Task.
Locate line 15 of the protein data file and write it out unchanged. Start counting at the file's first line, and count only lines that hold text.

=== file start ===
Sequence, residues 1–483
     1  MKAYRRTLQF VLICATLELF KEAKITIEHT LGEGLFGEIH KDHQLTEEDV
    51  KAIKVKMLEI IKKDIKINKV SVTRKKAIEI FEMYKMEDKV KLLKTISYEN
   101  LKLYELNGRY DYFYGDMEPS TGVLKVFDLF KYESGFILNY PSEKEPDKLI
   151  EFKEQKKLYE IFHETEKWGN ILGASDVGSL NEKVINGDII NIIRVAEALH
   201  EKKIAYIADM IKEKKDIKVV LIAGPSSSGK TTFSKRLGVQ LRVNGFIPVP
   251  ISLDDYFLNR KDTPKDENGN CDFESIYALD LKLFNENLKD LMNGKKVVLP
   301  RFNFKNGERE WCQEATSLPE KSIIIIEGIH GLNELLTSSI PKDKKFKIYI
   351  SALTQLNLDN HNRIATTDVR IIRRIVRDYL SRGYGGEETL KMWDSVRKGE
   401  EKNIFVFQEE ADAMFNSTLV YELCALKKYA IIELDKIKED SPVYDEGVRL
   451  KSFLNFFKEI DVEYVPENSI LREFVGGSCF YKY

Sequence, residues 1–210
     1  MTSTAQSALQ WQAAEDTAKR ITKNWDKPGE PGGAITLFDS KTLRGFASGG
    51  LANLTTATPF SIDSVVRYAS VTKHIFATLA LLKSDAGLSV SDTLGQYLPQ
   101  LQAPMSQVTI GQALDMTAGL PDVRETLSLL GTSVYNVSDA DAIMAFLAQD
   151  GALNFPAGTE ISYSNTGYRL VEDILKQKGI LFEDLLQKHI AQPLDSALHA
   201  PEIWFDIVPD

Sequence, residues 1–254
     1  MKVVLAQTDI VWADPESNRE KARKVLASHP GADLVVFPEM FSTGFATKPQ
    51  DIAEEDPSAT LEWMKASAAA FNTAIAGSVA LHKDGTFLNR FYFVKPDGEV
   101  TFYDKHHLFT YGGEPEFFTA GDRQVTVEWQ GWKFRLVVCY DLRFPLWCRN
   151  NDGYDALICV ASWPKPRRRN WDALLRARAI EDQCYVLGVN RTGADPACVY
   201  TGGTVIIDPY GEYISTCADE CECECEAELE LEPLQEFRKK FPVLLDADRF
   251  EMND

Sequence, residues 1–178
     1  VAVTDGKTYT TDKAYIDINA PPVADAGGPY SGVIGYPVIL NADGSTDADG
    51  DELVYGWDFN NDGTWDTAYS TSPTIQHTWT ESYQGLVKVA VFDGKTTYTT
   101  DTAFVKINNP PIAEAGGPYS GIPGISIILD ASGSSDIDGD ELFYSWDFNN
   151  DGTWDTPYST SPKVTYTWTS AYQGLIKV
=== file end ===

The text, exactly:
   101  LQAPMSQVTI GQALDMTAGL PDVRETLSLL GTSVYNVSDA DAIMAFLAQD